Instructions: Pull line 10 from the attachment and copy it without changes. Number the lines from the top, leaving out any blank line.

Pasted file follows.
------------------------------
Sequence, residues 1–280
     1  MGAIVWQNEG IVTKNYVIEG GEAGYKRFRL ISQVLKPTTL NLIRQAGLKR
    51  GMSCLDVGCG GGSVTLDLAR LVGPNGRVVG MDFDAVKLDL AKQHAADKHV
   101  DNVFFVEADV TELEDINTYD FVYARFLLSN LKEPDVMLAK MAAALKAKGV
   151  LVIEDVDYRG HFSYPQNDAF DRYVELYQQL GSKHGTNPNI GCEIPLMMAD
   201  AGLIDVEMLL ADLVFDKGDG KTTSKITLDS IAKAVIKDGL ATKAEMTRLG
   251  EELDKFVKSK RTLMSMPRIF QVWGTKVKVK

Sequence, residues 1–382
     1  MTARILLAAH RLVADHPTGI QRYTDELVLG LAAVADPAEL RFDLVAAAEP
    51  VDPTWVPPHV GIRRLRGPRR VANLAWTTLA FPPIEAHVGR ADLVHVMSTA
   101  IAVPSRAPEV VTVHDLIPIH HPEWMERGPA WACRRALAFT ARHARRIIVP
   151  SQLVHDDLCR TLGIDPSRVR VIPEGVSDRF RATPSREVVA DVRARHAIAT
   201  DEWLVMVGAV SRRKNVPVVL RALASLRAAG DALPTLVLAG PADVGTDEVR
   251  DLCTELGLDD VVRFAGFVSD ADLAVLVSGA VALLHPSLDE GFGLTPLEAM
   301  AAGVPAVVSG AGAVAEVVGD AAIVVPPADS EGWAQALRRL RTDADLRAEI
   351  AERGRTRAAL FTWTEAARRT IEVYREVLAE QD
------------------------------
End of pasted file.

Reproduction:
    51  VDPTWVPPHV GIRRLRGPRR VANLAWTTLA FPPIEAHVGR ADLVHVMSTA